Do we want more shishito peppers? Yes! We love shishito peppers, sauteed in olive oil and sprinkled with salt and freshly ground black pepper and doused with lemon, for brightness. Do we want more zucchini? Yep! We cannot get enough zucchini now that I’ve learned to make zucchini parm, an ideal recipe that uses cheese, because everything is better with cheese, as well as, economically, any other vegetables that might be lingering from the last week’s haul: Tomatoes (those that we haven’t used to make tomato sandwiches, of course), mushrooms, eggplant, squash, garlic, fresh onions, carrots, kale. Alas, the CSA has moved on from zucchini, now, and is onto leeks and garlic and arugula! I mourn the zucchini while welcoming these new friends. Which, yes, I will eat. 

The Many Benefits of a CSA (Beyond Saving Money)

In lieu of travel plans this year—of which I have none—I have cooking plans. I think about what I’ll cook next while eating the previous meal. I wake up in the middle of the night pairing this ingredient with that one in my brain. My old self, the one who went out to dinner three to four nights a week pre-pandemic and had never thought to keep extra jugs of olive oil and bags of flour and yeast and cans of tomatoes in the basement, would hardly recognize me. I read cookbooks as ecstatically as I once devoured novels. I look online for recipes, bookmarking them for the future. I scan the fridge in hopes of combining what’s there into something delectable.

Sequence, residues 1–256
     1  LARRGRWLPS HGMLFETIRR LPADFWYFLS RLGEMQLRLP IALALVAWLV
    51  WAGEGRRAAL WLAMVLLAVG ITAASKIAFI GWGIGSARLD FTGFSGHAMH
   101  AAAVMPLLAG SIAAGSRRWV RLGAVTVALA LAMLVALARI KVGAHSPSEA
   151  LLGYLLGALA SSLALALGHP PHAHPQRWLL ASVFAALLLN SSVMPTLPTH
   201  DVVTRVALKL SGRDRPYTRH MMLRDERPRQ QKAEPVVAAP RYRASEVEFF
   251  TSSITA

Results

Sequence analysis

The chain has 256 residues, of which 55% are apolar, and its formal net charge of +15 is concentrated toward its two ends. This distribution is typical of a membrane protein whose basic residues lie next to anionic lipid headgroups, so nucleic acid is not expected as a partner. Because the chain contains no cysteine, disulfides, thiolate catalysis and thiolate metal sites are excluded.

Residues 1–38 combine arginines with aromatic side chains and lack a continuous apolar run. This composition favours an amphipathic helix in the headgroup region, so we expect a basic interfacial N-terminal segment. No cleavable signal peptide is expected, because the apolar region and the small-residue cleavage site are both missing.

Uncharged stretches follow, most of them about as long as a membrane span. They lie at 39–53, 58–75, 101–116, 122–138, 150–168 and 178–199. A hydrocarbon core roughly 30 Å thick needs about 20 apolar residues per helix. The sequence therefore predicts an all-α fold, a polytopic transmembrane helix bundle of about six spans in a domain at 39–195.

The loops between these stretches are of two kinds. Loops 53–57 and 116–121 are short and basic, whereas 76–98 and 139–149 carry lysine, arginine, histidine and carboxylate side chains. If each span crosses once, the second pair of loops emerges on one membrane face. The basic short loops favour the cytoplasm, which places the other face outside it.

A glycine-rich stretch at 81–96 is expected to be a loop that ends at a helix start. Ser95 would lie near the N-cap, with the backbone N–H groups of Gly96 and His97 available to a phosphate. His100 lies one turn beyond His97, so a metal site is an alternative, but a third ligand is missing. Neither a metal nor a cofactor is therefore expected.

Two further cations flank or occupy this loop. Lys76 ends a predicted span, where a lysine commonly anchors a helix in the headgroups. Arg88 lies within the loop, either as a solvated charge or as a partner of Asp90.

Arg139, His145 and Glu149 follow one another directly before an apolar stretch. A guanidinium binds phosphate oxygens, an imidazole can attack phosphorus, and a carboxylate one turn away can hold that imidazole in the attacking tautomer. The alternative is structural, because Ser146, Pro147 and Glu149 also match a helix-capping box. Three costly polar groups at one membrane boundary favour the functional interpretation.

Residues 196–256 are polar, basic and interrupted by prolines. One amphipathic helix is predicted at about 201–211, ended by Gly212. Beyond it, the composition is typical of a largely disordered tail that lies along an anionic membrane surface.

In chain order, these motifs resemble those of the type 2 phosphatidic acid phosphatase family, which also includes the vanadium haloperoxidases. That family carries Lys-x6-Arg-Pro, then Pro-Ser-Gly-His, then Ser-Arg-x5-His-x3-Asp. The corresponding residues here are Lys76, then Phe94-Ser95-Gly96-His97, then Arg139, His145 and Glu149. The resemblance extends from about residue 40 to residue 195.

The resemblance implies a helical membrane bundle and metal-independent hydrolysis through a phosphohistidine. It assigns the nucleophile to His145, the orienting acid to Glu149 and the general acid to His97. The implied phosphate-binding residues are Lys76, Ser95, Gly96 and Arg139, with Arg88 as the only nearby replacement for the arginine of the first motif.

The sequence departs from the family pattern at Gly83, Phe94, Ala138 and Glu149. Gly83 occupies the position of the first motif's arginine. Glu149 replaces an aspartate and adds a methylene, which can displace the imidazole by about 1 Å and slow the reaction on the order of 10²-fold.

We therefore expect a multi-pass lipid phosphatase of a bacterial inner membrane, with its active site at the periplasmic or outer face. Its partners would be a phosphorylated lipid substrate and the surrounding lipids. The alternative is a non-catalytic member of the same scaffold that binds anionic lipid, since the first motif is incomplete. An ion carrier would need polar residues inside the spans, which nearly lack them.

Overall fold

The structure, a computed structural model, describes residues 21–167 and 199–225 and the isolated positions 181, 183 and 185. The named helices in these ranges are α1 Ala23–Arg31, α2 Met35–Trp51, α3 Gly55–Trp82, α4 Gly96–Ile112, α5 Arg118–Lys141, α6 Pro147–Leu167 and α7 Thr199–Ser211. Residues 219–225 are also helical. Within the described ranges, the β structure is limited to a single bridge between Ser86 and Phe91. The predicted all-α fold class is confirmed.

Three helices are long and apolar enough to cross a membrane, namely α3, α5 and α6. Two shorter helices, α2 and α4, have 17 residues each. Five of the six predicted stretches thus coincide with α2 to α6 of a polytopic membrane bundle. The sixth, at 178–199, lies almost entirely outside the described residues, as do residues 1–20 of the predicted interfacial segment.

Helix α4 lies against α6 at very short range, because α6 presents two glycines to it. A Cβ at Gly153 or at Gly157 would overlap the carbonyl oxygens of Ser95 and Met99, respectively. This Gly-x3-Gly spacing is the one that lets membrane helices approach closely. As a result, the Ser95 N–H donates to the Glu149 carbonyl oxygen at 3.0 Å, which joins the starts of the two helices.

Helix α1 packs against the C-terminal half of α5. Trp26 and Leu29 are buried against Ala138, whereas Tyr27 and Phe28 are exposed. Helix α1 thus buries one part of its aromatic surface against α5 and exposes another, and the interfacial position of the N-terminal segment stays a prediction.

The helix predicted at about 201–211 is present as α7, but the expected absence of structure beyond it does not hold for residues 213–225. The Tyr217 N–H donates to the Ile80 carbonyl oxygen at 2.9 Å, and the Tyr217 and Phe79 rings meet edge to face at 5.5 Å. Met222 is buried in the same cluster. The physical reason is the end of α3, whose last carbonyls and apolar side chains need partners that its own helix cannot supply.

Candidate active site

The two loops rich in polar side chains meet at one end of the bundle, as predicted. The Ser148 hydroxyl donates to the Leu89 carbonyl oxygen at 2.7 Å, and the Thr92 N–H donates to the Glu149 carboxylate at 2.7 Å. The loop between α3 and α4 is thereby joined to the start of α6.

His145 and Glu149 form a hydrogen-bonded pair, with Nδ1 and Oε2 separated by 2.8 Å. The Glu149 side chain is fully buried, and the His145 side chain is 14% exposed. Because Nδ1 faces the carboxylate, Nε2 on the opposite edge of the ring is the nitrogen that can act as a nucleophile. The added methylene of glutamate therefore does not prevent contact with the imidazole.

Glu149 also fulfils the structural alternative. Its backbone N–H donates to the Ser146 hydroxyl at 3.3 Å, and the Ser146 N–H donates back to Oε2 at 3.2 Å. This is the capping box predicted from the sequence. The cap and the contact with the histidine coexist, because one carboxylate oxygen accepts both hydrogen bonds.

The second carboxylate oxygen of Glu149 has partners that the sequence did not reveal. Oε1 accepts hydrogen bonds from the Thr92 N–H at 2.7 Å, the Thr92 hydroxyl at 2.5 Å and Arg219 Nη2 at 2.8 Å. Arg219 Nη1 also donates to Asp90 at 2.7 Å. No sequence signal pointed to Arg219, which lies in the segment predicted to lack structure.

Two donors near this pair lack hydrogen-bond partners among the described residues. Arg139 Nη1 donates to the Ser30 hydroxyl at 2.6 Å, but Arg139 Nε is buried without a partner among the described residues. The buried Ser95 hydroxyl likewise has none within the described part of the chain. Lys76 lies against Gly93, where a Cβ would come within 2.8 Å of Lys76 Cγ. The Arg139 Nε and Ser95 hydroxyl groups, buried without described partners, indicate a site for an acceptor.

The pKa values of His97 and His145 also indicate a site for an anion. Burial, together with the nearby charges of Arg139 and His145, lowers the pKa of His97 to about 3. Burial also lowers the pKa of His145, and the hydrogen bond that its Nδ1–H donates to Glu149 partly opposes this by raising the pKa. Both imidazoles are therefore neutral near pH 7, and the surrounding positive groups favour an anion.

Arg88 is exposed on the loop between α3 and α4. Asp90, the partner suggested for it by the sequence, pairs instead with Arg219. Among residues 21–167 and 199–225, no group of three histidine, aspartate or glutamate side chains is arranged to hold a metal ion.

Sure, the CSA costs money, sure, but it has also saved me so much money. Or, rather, not going out to dinner three or four nights a week has done that for me, as has buying direct from a farm instead of a chain grocery store. When I go for pickup, it is another thrill that they tell me to help myself to extra veggies— a CSA member’s perk.  My credit cards are very nearly paid off. I’ve been able to donate to a number of worthy causes that aren’t my own dining budget. We’re in a pandemic and there’s less work than ever and yet, cooking at home is keeping me solvent and healthy. Our household veggie count is up a thousandfold, and we haven’t had takeout french fries in months. Plus, emotionally, it feels better. I enjoy contributing to a local business and consuming food that’s been grown nearby, by neighbors. It’s also nice to say hello to them, when we pick up our food each and every Saturday.

How CSA Has Brought Out My Joy In Cooking